Reduced production and strong export demand are expected to reduce closing stocks for 2012-13 to just under 3.2MMT which are the lowest levels on record. The forecast low stock levels are already starting to cause some concern within the grain industry, particularly in the feed grain sector which is experiencing greater pressure on capacity. Stock levels in 2013-14 are forecast to reduce further to less than 3MMT as production levels are not forecast to be sufficient to build stocks while maintaining export demand.


The most recently available data indicates that for the period October 2012 to May 2013 Australia exported 13.6MMT of wheat. Historically approximately two-thirds of the total wheat exports for the year have been shipped during the first eight months of the market year. Based on this pattern and industry reports of shipping plans for the remainder of the market year (ending September 2013) it is forecast that total exports for 2012-13 will be 19.5MMT. This is 2 percent higher than previously forecast and reflects the increase in shipping rates since January 2013.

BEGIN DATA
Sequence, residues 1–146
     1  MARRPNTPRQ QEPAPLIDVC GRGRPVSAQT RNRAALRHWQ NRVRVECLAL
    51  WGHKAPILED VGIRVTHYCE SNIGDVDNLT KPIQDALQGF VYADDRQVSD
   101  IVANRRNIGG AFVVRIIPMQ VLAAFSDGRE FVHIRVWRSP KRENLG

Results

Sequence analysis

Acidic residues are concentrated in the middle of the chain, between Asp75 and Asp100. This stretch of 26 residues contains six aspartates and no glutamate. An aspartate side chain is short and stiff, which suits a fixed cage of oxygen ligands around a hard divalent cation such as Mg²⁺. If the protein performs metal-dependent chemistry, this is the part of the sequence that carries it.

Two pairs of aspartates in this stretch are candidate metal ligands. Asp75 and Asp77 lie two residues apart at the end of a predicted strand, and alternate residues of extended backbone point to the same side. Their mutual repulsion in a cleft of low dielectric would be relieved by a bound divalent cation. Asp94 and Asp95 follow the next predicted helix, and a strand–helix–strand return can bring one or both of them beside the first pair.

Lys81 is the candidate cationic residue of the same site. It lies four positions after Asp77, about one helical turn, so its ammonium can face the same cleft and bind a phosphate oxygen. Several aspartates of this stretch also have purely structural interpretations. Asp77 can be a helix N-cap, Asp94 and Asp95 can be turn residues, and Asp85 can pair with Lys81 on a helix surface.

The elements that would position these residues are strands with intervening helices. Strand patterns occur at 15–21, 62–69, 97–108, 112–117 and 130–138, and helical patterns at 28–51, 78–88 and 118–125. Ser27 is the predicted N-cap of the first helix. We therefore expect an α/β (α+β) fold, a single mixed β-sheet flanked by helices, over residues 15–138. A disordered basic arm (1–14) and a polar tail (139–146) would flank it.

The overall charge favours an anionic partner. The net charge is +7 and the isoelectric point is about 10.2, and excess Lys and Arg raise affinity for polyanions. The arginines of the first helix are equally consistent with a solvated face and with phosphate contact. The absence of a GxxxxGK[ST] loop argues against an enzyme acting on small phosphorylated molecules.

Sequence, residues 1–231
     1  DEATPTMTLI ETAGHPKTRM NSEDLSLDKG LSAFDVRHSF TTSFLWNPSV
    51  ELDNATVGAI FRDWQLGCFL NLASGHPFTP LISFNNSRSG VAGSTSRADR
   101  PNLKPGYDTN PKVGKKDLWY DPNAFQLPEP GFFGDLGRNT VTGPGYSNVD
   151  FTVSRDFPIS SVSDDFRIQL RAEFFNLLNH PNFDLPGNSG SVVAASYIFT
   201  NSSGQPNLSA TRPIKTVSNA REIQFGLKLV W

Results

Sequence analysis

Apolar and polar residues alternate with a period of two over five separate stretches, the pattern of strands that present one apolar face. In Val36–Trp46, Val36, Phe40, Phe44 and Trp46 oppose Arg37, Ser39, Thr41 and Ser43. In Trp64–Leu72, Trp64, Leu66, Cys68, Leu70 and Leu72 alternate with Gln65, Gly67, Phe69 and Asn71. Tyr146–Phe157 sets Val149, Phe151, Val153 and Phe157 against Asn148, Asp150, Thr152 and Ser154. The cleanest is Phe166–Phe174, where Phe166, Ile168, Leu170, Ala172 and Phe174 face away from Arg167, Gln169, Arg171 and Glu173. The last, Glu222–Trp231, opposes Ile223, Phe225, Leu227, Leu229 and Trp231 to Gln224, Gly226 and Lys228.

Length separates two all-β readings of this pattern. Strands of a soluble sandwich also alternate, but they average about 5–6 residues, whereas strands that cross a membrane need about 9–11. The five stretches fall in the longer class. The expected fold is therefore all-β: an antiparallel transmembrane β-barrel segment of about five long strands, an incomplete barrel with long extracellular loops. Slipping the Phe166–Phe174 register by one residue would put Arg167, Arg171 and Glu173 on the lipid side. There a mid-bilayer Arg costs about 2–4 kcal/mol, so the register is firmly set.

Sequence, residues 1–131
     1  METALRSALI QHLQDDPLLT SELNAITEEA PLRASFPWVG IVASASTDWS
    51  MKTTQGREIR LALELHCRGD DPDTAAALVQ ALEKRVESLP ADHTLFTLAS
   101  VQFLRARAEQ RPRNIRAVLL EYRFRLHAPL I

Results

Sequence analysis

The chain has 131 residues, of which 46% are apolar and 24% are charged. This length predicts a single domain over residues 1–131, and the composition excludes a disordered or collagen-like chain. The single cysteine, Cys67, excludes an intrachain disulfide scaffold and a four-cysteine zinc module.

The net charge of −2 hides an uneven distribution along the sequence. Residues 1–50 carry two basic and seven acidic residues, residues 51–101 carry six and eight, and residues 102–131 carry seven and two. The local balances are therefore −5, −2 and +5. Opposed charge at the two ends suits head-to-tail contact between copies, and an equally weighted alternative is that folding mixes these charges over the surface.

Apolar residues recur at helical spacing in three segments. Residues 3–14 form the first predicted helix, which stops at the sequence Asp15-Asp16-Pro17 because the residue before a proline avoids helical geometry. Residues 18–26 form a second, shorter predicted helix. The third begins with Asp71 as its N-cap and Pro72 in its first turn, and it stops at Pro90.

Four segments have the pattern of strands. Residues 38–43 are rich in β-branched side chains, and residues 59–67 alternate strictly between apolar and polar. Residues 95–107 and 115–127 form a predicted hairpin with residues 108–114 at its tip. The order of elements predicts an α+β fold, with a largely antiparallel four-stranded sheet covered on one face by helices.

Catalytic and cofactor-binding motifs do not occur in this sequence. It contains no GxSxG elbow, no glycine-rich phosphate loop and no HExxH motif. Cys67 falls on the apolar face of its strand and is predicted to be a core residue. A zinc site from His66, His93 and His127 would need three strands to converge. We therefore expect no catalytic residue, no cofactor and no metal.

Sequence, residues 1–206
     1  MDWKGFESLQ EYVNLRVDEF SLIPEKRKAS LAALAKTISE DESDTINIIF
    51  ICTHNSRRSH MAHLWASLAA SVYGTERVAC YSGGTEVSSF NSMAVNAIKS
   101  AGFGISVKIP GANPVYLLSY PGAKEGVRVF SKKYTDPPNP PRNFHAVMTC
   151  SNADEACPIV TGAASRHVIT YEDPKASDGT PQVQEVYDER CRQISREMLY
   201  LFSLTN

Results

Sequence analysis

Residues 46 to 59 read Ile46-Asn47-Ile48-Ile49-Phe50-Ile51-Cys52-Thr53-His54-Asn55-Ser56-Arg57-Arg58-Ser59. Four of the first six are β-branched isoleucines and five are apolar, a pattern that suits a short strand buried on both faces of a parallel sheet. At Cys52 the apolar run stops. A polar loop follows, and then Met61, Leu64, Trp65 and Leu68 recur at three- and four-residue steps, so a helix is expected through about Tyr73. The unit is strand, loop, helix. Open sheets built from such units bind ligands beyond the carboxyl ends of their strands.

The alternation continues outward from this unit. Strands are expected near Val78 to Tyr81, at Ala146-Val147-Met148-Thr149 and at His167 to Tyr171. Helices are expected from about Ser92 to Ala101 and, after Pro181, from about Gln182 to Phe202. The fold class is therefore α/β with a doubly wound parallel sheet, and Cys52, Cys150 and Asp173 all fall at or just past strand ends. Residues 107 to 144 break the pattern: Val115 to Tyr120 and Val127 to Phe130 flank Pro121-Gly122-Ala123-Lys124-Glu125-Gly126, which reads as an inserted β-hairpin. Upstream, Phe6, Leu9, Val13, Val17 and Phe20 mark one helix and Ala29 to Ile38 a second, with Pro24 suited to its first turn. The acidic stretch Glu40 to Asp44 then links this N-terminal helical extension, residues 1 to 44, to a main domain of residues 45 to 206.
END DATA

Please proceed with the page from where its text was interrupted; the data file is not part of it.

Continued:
Final import and export figures for the 2011-12 year were updated based on revised official statistics but have not changed significantly from previous estimates.


As for wheat, the late seasonal break persuaded many farmers to increase Australian barley plantings over oilseeds and pulses. However, with the continued variability in seasonal conditions, forecast production has been reduced by 200,000MT to 7.2MMT. This would reflect an average yield of 1.92 tons per hectare which is still well above the 10 year average of 1.78 tons per hectare.

As a result of the reduced production, forecast exports for 2013-14 have been reduced by 100,000MT. Domestic consumption of barley for feed grain is expected to remain strong and demand for barley from the malting and food production sectors is relatively inelastic but high prices as stocks fall is likely to reduce consumption slightly. Therefore forecast consumption for animal feed has been reduced by 2.5 percent and consumption of higher grades of barley reduced by four percent compared to previous estimates.